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Go down the ‘Rabbit Hole’ with Giving Tree Theater

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Rabbit Hole

Giving Tree Theater — through Nov. 13

The cast of 'Rabbit Hole' -- photo courtesy of Giving Tree Theater
The cast of ‘Rabbit Hole’ — photo courtesy of Giving Tree Theater

I hadn’t planned to write this review. I worried any critique I could level at this production of David Lindsay-Abaire’s Rabbit Hole would come across as base jealousy, since I auditioned and wasn’t cast. Then, last week, I was invited to attend preview night, and I saw the show.

It should be noted, before I go on, that I have both seen and acted in this show before — so, I know this play fairly well. I love the material and am fiercely protective of it. And I think that, given the subject matter, this is an extremely difficult play to do well.

Giving Tree Theater in Marion absolutely nails it.

Superbly cast, and delivered simply, elegantly, and honestly, this show cuts in moments you wouldn’t imagine, and has you laughing even when the words suggest such powerful grief you feel wicked for forgetting to weep.

Rachel Howell plays an earnest and magnificently sympathetic Becca, a woman who is fighting tooth and nail to come to terms with the death of her toddler after he is hit by a car. Her husband, Howie — the ever-freaking-brilliant Matthew James — is struggling with his own grief in a different way. As with many parents who’ve lost a child, the dissonance is driving them apart when they both so clearly want to go through it together. Added to the mix is Izzy, Becca’s younger sister, a mess of a millennial (delivered deftly by Lauren Galliart) who has just discovered she is pregnant.

Rachel Howell (left) and Matthew James as Becca and Howie. -- photo courtesy of Giving Tree Theater
Rachel Howell (left) and Matthew James as Becca and Howie. — photo courtesy of Giving Tree Theater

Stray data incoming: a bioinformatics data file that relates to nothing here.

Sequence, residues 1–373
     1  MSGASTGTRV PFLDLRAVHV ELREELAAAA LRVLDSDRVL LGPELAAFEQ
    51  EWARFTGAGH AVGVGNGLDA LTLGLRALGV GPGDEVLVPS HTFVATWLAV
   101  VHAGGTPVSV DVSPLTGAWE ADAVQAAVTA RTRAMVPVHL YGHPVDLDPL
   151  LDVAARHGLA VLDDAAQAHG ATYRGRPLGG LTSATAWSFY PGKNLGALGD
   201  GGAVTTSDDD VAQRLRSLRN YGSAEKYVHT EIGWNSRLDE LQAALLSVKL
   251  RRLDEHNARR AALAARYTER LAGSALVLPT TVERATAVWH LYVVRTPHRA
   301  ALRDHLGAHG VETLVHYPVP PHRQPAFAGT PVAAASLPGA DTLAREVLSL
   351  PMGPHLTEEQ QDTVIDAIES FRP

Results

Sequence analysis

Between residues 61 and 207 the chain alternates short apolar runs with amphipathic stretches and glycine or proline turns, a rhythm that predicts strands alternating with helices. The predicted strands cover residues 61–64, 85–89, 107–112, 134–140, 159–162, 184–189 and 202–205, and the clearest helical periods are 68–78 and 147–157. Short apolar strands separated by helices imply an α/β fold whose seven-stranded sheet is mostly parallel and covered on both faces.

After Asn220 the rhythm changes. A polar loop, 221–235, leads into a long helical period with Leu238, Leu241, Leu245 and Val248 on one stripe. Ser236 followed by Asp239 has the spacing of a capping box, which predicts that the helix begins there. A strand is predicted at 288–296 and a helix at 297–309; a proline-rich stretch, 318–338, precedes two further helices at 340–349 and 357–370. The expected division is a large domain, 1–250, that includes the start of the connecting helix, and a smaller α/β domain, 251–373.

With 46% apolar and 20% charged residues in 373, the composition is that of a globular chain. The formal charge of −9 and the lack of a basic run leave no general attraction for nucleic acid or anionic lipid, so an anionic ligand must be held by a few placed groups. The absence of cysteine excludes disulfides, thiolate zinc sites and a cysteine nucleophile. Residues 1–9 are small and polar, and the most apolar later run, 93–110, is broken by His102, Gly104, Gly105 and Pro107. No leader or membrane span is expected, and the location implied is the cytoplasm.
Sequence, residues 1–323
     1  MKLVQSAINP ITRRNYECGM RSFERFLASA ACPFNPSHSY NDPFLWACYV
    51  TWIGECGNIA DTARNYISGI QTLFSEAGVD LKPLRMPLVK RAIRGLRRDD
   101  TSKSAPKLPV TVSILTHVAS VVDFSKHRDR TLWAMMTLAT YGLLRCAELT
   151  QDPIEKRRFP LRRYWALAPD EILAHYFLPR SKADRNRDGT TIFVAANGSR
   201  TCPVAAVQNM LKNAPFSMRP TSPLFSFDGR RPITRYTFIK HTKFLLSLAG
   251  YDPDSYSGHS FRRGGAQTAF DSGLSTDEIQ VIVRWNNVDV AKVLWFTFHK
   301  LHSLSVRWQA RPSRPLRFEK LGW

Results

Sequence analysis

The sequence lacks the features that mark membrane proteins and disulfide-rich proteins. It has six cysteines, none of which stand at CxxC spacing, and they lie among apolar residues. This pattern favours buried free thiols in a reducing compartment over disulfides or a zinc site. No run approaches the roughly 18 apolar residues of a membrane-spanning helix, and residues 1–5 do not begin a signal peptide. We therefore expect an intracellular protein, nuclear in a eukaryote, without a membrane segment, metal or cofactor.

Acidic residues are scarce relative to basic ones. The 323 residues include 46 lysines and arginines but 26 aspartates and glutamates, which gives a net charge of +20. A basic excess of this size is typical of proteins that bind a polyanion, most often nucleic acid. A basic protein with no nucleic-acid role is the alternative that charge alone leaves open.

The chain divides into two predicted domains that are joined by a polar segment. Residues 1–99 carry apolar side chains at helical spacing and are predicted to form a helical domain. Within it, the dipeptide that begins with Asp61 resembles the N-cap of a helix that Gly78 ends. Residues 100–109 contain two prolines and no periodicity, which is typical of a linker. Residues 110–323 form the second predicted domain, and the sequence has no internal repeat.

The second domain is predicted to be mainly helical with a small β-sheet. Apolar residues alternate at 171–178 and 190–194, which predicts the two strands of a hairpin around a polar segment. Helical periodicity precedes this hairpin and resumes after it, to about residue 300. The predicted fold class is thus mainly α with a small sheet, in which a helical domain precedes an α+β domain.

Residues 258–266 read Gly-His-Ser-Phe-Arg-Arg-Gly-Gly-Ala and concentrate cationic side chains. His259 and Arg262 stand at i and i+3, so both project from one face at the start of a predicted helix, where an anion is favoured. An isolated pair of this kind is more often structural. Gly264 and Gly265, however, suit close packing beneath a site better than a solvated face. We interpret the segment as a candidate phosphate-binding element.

I won’t spoil more of the plot for you, but suffice it to say, it’s not light material. Oddly, while you will shed a tear (or 20), it’s not a sad play either. Lindsay-Abaire, in his script notes, makes sure to demand that any company performing this piece lean into the humor. The idea is that they must find something more interesting than manufactured grief to play to, so that raw emotion finds them in unexpected moments and the characters do not simply wallow in it.

This is a challenge for any actor: to find the funny in so sad a situation. Under Heather Harris Akers’ direction, however, not one person fails in that mission. Every single character — from the women’s free-spirited and frustrating (albeit well-intentioned) mother Nat (Michele Hinz) to the teenage boy who ran over Becca’s son (Justin Heinz), who comes back looking for forgiveness — is powerfully real, undeniably funny and utterly decimated by the senseless tragedy they’ve all been through.

This wrenching through line is muddied by the thudding, relentless fact that life goes on: a universally terrible fact that is as timeless as it is relatable. This particular performance highlights the uncertainty and awful beauty of trying to find a way to move on with the people you love when what love remains feels desperately inadequate. It is a powerful, cathartic spectacle of realism that will leave you aching, while simultaneously lifting you up.

Technically rated R for an F-bomb, Rabbit Hole is a great show to see with your loved ones or anyone who loves great modern theatre. Tickets are on sale now. The show runs this Friday, Nov. 11 and Saturday, Nov. 12 at 8 p.m. and Sunday, Nov. 13 at 2 p.m.


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